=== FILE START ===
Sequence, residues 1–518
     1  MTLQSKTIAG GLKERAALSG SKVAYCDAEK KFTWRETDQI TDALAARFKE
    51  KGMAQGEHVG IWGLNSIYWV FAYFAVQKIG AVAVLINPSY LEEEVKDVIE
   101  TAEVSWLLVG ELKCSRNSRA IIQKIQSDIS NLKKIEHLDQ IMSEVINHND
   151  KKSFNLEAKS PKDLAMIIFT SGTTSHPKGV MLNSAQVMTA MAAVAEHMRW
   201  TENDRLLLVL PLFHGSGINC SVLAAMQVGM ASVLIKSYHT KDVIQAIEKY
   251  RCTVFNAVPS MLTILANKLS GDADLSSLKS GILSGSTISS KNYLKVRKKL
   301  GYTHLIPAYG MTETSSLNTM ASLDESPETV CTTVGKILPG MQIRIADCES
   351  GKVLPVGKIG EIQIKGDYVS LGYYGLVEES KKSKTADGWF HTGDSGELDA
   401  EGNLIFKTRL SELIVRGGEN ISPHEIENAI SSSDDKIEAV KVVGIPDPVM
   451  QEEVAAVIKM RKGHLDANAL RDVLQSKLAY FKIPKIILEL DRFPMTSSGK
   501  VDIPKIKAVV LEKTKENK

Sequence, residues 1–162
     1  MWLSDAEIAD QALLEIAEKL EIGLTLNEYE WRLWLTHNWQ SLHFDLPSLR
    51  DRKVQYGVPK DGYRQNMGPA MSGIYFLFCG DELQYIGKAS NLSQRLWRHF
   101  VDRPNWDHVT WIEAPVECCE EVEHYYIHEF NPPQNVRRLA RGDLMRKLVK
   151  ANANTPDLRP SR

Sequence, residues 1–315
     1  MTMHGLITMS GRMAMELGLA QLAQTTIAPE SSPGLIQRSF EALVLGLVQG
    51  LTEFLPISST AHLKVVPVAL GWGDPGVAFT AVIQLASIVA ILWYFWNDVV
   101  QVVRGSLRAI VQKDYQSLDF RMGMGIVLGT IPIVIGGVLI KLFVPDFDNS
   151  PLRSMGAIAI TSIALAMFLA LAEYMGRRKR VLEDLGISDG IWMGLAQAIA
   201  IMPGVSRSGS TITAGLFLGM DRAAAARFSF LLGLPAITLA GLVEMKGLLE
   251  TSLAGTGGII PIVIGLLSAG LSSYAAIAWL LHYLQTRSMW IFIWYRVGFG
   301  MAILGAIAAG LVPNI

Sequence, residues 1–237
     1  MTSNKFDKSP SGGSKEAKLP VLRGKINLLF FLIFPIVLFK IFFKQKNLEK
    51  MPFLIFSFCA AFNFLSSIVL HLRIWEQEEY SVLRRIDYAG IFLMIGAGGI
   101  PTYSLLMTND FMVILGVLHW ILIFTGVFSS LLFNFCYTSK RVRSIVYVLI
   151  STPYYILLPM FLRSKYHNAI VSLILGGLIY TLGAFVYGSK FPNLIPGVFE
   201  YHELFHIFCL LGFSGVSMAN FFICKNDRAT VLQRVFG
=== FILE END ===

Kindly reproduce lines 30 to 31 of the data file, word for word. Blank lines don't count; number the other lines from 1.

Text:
   151  STPYYILLPM FLRSKYHNAI VSLILGGLIY TLGAFVYGSK FPNLIPGVFE
   201  YHELFHIFCL LGFSGVSMAN FFICKNDRAT VLQRVFG